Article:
Price US$9,200 per megabyte (1961; US$83,107 in 2021) US$0.024 per gigabyte by 2020 3.46-billion-to-one
Data density 2,000 bits per square inch 1.3 terabits per square inch in 2015 650-million-to-one
Average lifespan c. 2000 hrs MTBF c. 2,500,000 hrs (~285 years) MTBF 1250-to-one

The first production IBM hard disk drive, the 350 disk storage, shipped in 1957 as a component of the IBM 305 RAMAC system. It was approximately the size of two medium-sized refrigerators and stored five million six-bit characters (3.75 megabytes) on a stack of 52 disks (100 surfaces used). The 350 had a single arm with two read/write heads, one facing up and the other down, that moved both horizontally between a pair of adjacent platters and vertically from one pair of platters to a second set. Variants of the IBM 350 were the IBM 355, IBM 7300 and IBM 1405.

In 1961 IBM announced, and in 1962 shipped, the IBM 1301 disk storage unit, which superseded the IBM 350 and similar drives. The 1301 consisted of one (for Model 1) or two (for model 2) modules, each containing 25 platters, each platter about 18-inch (3.2 mm) thick and 24 inches (610 mm) in diameter. While the earlier IBM disk drives used only two read/write heads per arm, the 1301 used an array of 48 heads (comb), each array moving horizontally as a single unit, one head per surface used. Cylinder-mode read/write operations were supported, and the heads flew about 250 micro-inches (about 6 µm) above the platter surface. Motion of the head array depended upon a binary adder system of hydraulic actuators which assured repeatable positioning. The 1301 cabinet was about the size of three home refrigerators placed side by side, storing the equivalent of about 21 million eight-bit bytes per module. Access time was about a quarter of a second.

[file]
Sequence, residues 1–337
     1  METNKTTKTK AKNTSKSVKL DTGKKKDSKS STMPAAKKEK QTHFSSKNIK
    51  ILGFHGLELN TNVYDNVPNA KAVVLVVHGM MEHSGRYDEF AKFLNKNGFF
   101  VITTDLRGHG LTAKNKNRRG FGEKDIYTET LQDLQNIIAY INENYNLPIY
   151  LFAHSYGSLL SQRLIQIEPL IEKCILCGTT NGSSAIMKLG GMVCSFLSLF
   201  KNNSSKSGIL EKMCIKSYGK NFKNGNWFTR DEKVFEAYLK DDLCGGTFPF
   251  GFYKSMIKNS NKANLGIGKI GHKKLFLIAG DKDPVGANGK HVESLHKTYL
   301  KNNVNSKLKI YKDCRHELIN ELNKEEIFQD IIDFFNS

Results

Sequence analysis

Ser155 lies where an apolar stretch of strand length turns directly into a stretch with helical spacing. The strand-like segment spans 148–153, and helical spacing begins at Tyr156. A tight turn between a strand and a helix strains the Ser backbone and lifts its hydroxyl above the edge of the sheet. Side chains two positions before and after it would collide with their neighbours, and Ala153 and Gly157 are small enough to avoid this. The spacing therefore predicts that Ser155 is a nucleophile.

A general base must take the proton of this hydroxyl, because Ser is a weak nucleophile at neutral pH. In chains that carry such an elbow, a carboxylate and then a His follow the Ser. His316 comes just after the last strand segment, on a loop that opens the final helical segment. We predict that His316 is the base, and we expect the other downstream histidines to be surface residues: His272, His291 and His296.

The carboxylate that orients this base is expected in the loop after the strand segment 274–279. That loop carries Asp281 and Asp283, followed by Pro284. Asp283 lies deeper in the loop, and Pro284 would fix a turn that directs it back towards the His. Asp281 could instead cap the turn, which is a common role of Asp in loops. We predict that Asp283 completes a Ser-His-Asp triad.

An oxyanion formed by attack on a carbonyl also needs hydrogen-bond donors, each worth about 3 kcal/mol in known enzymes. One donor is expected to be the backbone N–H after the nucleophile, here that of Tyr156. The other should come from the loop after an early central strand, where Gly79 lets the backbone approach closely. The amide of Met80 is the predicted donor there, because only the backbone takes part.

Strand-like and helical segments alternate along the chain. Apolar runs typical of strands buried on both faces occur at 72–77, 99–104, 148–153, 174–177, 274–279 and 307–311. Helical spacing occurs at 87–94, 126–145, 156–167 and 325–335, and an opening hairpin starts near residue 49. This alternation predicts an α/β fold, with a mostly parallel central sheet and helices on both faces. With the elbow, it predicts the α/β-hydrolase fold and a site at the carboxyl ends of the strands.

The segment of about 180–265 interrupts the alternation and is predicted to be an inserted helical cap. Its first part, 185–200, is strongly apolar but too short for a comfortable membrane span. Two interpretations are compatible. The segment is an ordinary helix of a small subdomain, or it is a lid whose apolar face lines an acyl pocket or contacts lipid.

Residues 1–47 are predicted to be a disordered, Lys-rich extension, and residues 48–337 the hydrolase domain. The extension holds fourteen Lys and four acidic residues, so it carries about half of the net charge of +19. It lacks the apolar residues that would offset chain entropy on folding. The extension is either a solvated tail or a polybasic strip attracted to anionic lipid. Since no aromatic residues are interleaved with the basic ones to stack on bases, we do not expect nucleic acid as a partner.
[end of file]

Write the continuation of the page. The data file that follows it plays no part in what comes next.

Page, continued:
Also in 1962, IBM introduced the model 1311 disk drive, which was about the size of a washing machine and stored two million characters on a removable disk pack. Users could buy additional packs and interchange them as needed, much like reels of magnetic tape. Later models of removable pack drives, from IBM and others, became the norm in most computer installations and reached capacities of 300 megabytes by the early 1980s. Non-removable HDDs were called "fixed disk" drives.

In 1963 IBM introduced the 1302, with twice the track capacity and twice as many tracks per cylinder as the 1301. The 1302 had one (for Model 1) or two (for Model 2) modules, each containing a separate comb for the first 250 tracks and the last 250 tracks.

Some high-performance HDDs were manufactured with one head per track, e.g., Burroughs B-475 in 1964, IBM 2305 in 1970, so that no time was lost physically moving the heads to a track and the only latency was the time for the desired block of data to rotate into position under the head. Known as fixed-head or head-per-track disk drives, they were very expensive and are no longer in production.